LONDON (Jul. 12)
In a drastic move to stamp out smuggling of Jews into Palestine, the British Government today announced suspension of the six-month Jewish immigration quota for October 1, 1939, to March 31, 1940. Announcing the suspension to the House of Commons, Colonial Secretary Malcolm MacDonald warned that it might become permanent if Palestine Jewry continued “organized attempts” to encourage the extra-legal immigration. Jewish refugees who have been smuggled into Palestine in recent weeks were to be deducted from future quotas.
The present immigration schedule, announced on June 14 and covering the April-October period, called for issuance of 7,850 certificates to Jews. The total Jewish quota for the period was 10,350, but 1,200 certificates were deducted for immigrants who entered in April and 1,300 for illegal immigrants who arrived in the Holy Land prior to May 25.
“As the House knows,” Mr. MacDonald declared, “His Majesty’s Government have announced their readiness to facilitate immigration of Jews into Palestine up to the figure of 75,000 during the five years from April 1 last. We are particularly anxious to help the settlement of Jewish refugees of Central Europe, and special provisions therefore have been made for admission of these. But during the last months, there has been an organized attempt to defeat the proper regulation of immigration by traffic in illegal immigrants, and as many of these illegal immigrants are Jews from Poland and Rumania, the movement even threatens to some extent our effort to help the refugees.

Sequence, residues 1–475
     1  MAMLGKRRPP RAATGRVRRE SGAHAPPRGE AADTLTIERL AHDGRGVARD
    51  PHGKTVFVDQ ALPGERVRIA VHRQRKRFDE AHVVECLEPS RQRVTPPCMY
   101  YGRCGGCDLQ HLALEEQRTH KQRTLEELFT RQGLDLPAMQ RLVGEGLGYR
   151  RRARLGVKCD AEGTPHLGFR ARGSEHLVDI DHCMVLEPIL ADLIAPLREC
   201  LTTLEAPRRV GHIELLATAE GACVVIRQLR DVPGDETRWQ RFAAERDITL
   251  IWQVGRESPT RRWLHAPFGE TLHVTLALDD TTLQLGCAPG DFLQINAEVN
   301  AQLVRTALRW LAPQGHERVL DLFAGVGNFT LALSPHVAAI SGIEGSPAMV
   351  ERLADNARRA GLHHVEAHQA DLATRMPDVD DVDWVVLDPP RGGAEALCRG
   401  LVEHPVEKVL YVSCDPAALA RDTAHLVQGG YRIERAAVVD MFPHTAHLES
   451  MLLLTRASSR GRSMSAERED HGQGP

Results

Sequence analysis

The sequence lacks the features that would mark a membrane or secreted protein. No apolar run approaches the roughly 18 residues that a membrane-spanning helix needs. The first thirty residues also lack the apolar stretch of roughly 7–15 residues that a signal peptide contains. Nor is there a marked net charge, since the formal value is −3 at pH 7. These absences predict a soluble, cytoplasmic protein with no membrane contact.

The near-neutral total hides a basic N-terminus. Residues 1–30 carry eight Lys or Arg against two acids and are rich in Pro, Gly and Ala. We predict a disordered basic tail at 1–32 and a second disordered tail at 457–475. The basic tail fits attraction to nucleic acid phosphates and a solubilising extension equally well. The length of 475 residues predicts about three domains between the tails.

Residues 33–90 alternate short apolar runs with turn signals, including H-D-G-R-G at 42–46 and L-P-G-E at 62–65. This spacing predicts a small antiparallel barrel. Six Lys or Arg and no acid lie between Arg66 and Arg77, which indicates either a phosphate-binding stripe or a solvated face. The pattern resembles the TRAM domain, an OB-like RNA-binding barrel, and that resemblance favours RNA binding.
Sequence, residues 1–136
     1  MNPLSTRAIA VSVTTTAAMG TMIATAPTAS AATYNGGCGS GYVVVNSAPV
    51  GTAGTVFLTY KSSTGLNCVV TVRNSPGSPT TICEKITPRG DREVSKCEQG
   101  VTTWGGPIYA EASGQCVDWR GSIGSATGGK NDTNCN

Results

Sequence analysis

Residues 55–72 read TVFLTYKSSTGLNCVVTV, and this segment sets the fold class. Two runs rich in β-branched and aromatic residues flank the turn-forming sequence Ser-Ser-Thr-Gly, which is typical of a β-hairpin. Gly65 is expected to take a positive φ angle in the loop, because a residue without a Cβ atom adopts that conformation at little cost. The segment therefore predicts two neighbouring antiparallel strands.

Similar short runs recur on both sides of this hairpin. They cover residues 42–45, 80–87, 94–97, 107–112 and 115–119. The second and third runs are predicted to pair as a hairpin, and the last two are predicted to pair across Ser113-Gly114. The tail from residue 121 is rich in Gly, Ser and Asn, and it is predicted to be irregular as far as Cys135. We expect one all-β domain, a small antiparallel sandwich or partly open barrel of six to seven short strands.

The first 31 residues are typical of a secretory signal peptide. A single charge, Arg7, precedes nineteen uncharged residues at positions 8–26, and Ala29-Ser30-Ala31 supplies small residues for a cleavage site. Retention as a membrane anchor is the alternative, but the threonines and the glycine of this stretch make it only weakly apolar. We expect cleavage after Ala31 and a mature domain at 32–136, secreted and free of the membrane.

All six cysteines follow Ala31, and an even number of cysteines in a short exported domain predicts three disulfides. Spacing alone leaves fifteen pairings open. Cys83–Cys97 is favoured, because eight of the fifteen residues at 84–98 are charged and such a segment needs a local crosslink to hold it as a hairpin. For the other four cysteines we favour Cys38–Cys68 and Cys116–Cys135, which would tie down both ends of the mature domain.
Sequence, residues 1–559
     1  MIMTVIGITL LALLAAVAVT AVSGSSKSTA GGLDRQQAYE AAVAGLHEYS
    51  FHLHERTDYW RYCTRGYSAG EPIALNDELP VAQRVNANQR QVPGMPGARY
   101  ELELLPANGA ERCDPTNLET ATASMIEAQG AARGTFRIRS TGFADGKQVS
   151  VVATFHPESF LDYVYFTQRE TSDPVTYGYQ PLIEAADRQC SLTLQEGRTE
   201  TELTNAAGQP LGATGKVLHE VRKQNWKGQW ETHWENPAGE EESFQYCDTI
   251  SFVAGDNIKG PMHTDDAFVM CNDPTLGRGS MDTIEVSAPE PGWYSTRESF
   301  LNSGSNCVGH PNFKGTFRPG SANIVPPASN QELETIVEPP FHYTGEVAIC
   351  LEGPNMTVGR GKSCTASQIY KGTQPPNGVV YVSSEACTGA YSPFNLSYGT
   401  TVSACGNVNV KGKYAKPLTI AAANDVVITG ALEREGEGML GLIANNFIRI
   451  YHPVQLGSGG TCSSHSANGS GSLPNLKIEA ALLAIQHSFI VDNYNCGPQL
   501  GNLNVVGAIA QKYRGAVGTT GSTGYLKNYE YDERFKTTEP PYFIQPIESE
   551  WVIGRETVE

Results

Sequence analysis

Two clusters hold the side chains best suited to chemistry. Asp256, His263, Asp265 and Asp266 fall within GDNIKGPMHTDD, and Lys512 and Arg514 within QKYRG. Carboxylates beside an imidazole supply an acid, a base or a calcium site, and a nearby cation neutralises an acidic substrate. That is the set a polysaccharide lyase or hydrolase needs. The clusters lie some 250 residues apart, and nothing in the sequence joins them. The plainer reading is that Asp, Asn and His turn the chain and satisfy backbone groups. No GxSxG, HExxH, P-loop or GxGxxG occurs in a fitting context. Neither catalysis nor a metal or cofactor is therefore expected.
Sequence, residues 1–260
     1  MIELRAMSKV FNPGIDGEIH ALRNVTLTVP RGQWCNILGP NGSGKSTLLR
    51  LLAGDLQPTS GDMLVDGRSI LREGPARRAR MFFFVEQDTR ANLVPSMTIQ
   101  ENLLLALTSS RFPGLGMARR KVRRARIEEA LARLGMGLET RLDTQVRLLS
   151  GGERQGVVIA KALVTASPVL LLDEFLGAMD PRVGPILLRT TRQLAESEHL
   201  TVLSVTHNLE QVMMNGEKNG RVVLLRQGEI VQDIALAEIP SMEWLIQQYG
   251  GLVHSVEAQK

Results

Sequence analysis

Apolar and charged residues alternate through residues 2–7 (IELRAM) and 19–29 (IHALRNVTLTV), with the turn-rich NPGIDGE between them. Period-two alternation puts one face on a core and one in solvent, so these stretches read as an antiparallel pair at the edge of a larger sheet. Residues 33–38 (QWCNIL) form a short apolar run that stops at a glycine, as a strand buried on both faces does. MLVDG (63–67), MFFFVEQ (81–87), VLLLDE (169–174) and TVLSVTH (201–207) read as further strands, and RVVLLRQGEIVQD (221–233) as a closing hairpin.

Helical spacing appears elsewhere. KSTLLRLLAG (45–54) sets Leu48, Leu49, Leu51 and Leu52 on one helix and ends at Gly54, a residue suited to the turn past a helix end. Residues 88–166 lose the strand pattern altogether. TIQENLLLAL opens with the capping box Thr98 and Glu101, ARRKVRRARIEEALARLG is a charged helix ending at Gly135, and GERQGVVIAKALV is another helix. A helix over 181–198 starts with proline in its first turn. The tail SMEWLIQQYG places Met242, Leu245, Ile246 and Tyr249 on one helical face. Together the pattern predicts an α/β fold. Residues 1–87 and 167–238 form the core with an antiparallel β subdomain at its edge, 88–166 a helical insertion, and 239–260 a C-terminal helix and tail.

“His Majesty’s Government are determined to prevent this attempt to defeat the law of Palestine, an attempt which in any case is perpetuating bitterness in the country. As the House is aware, the numbers of illegal residents remaining in Palestine are being deducted from the future quotas of legal immigrants. These numbers have been such lately that I have now authorized the High Commissioner (Sir Harold Alfred MacMichael) to announce that no immigration quota will be issued for the next quota period, that is for the six months from Oct. 1 to March 31 next.
“Whether there will be a resumption of immigration quotas after that date must depend on the circumstances then prevailing regarding illegal immigration.”
Earlier, Mr. MacDonald had rejected demands for a second debate on the new British policy for Palestine. Replying to a question by Laborite Arthur Greenwood, the Colonial Secretary declared that the Government was preparing to carry out the proposals outlined in the White Paper as soon as they had been approved by the League of Nations Council. He said that the House would be consulted again only if the Council suggested modifications in the policy.
Mr. MacDonald, replying to a query by Liberal Geoffrey Mander, denied published reports that five out of seven members of the Mandates Commission had condemned the British policy at the recent Geneva session. “Obviously,” he said, “I have no authority to speak in behalf of the Permanent Mandates Commission or foreshadow what is in their report All I venture to suggest is that when Mr. Mander has a chance of studying the report after publication (scheduled for next month), he will very likely find that his information is incorrect.”